Hamilton was born in 1755, in the British West Indies. He died at the age of 49, on July 11, 1804, in a battle in Weehawken, New Jersey. During those 49 years, he served in the Revolutionary Army as Lieutenant Colonel, fought endlessly and bravely for ratification of the Constitution, was significant in establishing the first governmental tools for managing the national economy, and of course, served as an aide, friend, advisor, and most likely, lover to George Washington.*
However, despite this perfectly understandable confusion, it is generally accepted, in historical retrospect, that Hamilton was way, way smarter than Washington and probably should have been President, even though he was technically never elected as such. The most compelling piece of evidence for this argument is Hamilton's economic foresight and intelligence. He is occasionally remembered as the economic wizard of his time, a title which Washington, due to his complete stupidity, was never afforded. It was Hamilton's genius that lay the financial groundwork for today's sophisticated economy, and it was also Hamilton's deep mistrust of the American populace that established the advanced systems of checks and balances that today's economy relies on.
Though many people scorned poor Hamilton for this belief, he persevered, continuing his work because of a deep, abiding love of America. In one particularly heroic story, it is said that Hamilton sat at his desk, his face streaming with tears--due to the the rocks people were throwing at him--and continued to compose the very economic policy that is in place today. Meanwhile, several people were offering libations and oral sex to a jealous Washington, who was at the time sitting by, scoffing and leading the pack of insults being hurled at Hamilton.
Nevertheless, Hamilton never begrudged Washington, or the American people, for their misunderstanding of his genius. Presently, in the wake of economic catastrophes such as Enron, it is Hamilton's policy that has helped to quell America's great greed and selfishness.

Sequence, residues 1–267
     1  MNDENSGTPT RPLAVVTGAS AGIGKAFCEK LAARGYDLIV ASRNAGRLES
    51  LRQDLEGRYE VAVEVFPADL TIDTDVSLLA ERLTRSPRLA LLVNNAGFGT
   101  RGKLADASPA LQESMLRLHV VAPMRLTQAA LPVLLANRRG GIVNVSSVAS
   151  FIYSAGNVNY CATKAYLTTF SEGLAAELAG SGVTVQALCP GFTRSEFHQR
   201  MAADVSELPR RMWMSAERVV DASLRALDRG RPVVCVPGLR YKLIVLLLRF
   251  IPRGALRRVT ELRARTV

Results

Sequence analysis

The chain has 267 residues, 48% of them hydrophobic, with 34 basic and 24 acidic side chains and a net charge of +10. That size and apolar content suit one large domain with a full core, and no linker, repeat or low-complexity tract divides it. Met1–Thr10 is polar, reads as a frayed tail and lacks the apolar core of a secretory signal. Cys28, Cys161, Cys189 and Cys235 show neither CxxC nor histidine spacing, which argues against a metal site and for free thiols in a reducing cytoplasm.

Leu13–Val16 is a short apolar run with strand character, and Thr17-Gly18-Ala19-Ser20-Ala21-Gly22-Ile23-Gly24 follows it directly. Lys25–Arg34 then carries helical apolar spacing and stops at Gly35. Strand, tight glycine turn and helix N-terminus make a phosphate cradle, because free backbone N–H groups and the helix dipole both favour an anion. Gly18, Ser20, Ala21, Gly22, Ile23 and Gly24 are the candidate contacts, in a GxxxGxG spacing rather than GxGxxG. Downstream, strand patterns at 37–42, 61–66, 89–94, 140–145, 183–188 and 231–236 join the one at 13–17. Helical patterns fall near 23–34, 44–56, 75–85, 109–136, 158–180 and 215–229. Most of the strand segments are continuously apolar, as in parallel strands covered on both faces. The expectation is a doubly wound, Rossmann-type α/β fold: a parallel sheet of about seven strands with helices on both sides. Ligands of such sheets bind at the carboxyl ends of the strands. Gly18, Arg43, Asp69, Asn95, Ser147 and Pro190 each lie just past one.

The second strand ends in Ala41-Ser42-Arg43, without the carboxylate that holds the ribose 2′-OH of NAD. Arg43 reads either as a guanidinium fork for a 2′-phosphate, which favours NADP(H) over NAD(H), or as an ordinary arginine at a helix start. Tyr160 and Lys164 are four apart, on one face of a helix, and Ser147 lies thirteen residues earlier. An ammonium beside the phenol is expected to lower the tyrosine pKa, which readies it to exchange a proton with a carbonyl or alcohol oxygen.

I ask you, ladies and gentleman, what makes a president in the United States of America? Is it a title? Is it a vote? Is it a chair in the White House? Or is it the dedication that one individual has to the land of the free and the home of the brave? To serving a people, while the individuals belonging to that body do not even have one tiny ounce of appreciation for him? Isn't Alexander Hamilton the very definition of patriotism, of an individual who rose to the occasion in a time when rising was the hardest possible choice?
Today, the sad truth about the institution of academic history is that anyone, even the moronic, believe they can intelligently comment on historical events. Some such people have suggested that Hamilton's significance can be measured in his title. In fact, one such audacious critic actually suggested that, by confusing Hamilton with Washington, I had not "even bothered to research it." It is extremely likely that this critic can be only one of two things: a descendant of Washington himself, or mentally retarded.
Either way, it is clear that my understanding of Alexander Hamilton is enormous, and it is these types of critics that add to America's great misunderstanding of one of the most brilliant men who ever lived, a man who most certainly should have been President. As stated, Hamilton basically was President, or at least should have been, if not for a bunch of idiots, whose misguided thinking still exists today. I beg of you, the American people, stop the unjust reputation that clings to the memory of Alexander Hamilton and see him for the patriot he was. A smart, beautiful man, who asked for nothing more than to serve a people who hated him.
God bless you, Hamilton. And God bless AMERICA!
* Many Friends and acquaintances of the two men often got them confused. It is even rumored that Martha Washington, after mistaking Alexander for George in the dark one night, went on to have a lengthy affair with Alexander. There is also some speculation that Martha's children were fathered by Alexander, though George was given the credit.